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Artist presented by Artur Walther

Mikhael Subotzky

Ponte city

4 July - 18 September

10H00 - 19H30

Subotzky’s photography is a study of social and economic dynamics, of a culture of fear and security, of power and of marginalised citizenry, a complex civic portrait. In this inquiry his engagement with his subjects is intimate and direct, yet unobstrusive, connected, empathetic. There is precision, complexity, diligence, a thoroughness and an intensity in pursuit of ideas and concepts.
Artur Walther
The fifty-four-storey building dominates Johannesburg’s skyline, its huge blinking advertising crown visible from Soweto in the south to Sandton in the north. When it was built in 1976—the year of the Soweto uprisings—the surroundings were exclusively white, and home to young middle-class couples, students and Jewish grandmothers. But as the city changed in response to the arrival of democracy in 1994, many residents joined the exodus towards the supposed safety of the northern suburbs, the vacated areas becoming associated with crime, urban decay and, most of all, the influx of foreign nationals from neighbouring African countries.
Ponte’s iconic structure soon became a symbol of the downturn in central Johannesburg. Tales of brazen crack and prostitution rings operating from its car parks, four storeys of trash accumulating in its open core, frequent suicides have all added to the building’s legend. And yet, one is left with the feeling that even the building’s notoriety is somewhat exaggerated.
In 2007 the building was bought by developers but by late 2008 their ambitious attempt to refurbish Ponte had failed spectacularly. They went bankrupt after promising to spend thirty million euros for the building. Their aim was to target a new generation of aspirant middle-class residents, young and upwardly mobile black professionals. The developer’s website still describes how ‘In every major city in the world, there is a building where most can only dream to live. These buildings are desirable because they are unique, luxurious, iconic. They require neither introduction nor explanation. The address says it all.’
Mikhael Subotzky and Patrick Waterhouse have been working in Ponte City since early 2008. Their project encompasses a wide variety of sources and media including photographs, found documents, interviews, and texts. During these years they took photographs of every window in the building, of every internal door, and of every television screen.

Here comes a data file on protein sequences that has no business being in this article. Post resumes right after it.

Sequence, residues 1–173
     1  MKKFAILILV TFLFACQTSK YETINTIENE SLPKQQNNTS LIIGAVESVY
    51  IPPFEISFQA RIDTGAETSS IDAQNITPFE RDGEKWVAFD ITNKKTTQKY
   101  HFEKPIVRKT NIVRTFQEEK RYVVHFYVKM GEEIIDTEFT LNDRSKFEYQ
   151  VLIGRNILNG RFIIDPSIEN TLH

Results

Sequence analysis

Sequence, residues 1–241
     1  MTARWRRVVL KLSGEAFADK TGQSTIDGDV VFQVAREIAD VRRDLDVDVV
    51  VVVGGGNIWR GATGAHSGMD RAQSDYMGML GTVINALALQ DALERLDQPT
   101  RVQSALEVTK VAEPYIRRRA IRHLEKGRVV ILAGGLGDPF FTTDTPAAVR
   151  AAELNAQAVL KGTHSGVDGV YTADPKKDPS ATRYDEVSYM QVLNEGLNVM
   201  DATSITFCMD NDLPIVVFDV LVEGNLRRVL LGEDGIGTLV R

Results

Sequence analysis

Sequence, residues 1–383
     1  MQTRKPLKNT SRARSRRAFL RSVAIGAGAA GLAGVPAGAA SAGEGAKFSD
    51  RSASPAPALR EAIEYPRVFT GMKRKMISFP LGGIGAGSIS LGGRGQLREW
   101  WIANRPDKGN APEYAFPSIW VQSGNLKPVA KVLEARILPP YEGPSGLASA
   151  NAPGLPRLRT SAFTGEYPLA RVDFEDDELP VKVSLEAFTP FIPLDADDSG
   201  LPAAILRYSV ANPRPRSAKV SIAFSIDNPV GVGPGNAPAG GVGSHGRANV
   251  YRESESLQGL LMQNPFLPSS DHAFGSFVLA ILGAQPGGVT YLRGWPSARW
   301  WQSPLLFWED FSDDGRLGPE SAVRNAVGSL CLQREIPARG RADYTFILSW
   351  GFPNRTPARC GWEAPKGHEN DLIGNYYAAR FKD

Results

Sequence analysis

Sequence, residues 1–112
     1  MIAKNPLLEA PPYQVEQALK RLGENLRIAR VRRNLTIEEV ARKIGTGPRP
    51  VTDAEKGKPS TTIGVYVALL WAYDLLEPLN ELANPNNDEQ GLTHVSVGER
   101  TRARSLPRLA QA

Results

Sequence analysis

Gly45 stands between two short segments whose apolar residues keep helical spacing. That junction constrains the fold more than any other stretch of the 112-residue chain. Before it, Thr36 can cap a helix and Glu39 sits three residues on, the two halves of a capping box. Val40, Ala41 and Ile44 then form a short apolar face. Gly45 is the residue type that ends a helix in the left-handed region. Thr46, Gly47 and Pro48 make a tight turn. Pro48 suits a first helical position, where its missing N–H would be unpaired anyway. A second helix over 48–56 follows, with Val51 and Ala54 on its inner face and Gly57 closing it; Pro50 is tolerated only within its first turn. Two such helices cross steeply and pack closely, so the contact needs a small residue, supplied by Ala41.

Subotzky’s photography is a study of social and economic dynamics, of a culture of fear and security, of power and of marginalised citizenry, a complex civic portrait. In this inquiry his engagement with his subjects is intimate and direct, yet unobstrusive, connected, empathetic. There is precision, complexity, diligence, a thoroughness and an intensity in pursuit of ideas and concepts. 

Artur Walther

The fifty-four-storey building dominates Johannesburg’s skyline, its huge blinking advertising crown visible from Soweto in the south to Sandton in the north. When it was built in 1976—the year of the Soweto uprisings—the surroundings were exclusively white, and home to young middle-class couples, students and Jewish grandmothers. But as the city changed in response to the arrival of democracy in 1994, many residents joined the exodus towards the supposed safety of the northern suburbs, the vacated areas becoming associated with crime, urban decay and, most of all, the influx of foreign nationals from neighbouring African countries. Ponte’s iconic structure soon became a symbol of the downturn in central Johannesburg. Tales of brazen crack and prostitution rings operating from its car parks, four storeys of trash accumulating in its open core, frequent suicides have all added to the building’s legend. And yet, one is left with the feeling that even the building’s notoriety is somewhat exaggerated. In 2007 the building was bought by developers but by late 2008 their ambitious attempt to refurbish Ponte had failed spectacularly. They went bankrupt after promising to spend thirty million euros for the building. Their aim was to target a new generation of aspirant middle-class residents, young and upwardly mobile black professionals. The developer’s website still describes how ‘In every major city in the world, there is a building where most can only dream to live. These buildings are desirable because they are unique, luxurious, iconic. They require neither introduction nor explanation. The address says it all. ’Mikhael Subotzky and Patrick Waterhouse have been working in Ponte City since early 2008. Their project encompasses a wide variety of sources and media including photographs, found documents, interviews, and texts. During these years they took photographs of every window in the building, of every internal door, and of every television screen.

Project in collaboration with Patrick Waterhouse. Framing of some images by Plasticollage, Paris.
Exhibition produced with the collaboration of Goodmann Gallery, Le Cap / Johannesburg.
Project in collaboration with Patrick Waterhouse.
Framing of some images by Plasticollage, Paris.
Exhibition produced with the collaboration of Goodmann Gallery, Le Cap / Johannesburg.